• Kh-35UE Export version of Kh-35U, in development.
  • Kh-35V Version for Russia, launched from a helicopter.
  • Kh-35EV Export version of Kh-35V
  • 3M-24EMV Export version of Kh-35 missile-target without warhead for Vietnam
  • Kh-35 Uran/Uran-E "SS-N-25 "Switchblade", 3M-24" - Ship borne equipment of the control system with a missile Kh-35/Kh-35E 
  • Bal/Bal-E "SSC-6 "Stooge" - the coastal missile complex with a missile Kh-35/Kh-35E
                                                                                                    Kh-35E maq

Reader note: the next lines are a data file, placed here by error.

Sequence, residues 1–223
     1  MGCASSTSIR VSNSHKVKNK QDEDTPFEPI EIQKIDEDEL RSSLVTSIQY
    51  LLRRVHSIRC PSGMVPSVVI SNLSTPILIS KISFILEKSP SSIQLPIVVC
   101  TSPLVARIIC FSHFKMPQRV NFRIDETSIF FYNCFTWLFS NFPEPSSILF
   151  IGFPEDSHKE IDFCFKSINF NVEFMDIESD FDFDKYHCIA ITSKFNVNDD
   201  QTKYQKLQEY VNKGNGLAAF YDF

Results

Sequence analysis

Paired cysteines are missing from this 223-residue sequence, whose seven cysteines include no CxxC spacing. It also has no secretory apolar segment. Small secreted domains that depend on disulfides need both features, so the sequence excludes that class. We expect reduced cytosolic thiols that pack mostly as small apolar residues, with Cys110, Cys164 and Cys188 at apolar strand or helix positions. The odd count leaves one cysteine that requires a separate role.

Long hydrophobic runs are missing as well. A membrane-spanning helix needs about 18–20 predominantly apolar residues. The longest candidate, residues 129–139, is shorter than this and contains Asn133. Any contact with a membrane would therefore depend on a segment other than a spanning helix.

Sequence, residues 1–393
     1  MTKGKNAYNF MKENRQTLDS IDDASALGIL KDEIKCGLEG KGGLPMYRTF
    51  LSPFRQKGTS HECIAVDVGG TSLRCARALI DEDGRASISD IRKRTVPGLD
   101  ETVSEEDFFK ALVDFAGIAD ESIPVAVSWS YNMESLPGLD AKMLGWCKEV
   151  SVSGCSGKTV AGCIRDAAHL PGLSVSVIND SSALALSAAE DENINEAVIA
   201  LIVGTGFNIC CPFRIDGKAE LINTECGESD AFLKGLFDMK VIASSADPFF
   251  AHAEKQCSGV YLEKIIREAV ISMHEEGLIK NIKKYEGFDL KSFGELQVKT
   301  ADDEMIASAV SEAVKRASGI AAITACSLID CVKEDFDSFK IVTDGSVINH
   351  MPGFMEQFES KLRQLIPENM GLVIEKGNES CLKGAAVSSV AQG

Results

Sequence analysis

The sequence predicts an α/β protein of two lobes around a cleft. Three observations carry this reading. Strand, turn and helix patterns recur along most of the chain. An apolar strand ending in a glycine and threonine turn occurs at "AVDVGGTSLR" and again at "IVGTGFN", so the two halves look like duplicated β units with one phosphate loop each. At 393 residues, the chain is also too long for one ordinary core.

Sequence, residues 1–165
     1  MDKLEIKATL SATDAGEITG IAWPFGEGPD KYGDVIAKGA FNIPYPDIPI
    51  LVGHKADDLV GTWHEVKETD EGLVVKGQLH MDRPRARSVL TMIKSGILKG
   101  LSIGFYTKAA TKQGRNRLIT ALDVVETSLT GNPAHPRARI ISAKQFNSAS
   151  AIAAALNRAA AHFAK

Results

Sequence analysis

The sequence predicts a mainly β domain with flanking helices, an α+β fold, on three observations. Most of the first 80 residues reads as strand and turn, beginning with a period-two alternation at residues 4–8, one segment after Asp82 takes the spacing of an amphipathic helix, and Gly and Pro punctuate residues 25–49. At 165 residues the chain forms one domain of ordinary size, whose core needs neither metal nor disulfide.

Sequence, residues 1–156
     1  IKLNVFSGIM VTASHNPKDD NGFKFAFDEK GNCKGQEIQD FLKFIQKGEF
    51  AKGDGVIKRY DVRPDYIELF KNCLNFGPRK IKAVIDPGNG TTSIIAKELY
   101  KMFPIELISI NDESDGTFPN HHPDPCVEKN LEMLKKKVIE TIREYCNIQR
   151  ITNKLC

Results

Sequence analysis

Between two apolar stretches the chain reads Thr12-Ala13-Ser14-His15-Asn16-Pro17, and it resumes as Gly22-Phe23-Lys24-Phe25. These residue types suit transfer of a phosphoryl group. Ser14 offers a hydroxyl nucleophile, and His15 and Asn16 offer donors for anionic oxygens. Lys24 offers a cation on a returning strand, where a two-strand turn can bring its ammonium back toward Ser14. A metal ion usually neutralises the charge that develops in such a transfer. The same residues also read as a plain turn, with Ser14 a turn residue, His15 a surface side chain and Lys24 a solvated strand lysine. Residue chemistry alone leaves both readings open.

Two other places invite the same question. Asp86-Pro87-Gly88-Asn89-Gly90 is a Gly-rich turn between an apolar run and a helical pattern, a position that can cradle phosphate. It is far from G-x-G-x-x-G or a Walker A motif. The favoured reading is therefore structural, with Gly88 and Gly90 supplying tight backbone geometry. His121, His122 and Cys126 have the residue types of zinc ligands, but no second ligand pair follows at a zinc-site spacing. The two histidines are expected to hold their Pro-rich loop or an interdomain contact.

Seeker Kh-35E Kh-35 [NATO] Reporting Name: AS-20 "Kayak" 3M24 Uran SS-N-25
"Switchblade" 3K60 Bal SSC-6 "Stooge"
Kh-35 Missiles Specifications
Tactical Missiles Corporation JSC
Address: 7, Ilicha Str.,
Korolev, Moscow region, 141075, Russia
Telephone: +7 (095) 542-57-09
Fax:            +7 (095) 511-94-39
Email: kmo@ktrv.ru
Director general: Boris V. Obnosov
First deputy director general-designer general: Vladimir N. Yarmolyuk
Revised: 01/30/2013 – 22:11:02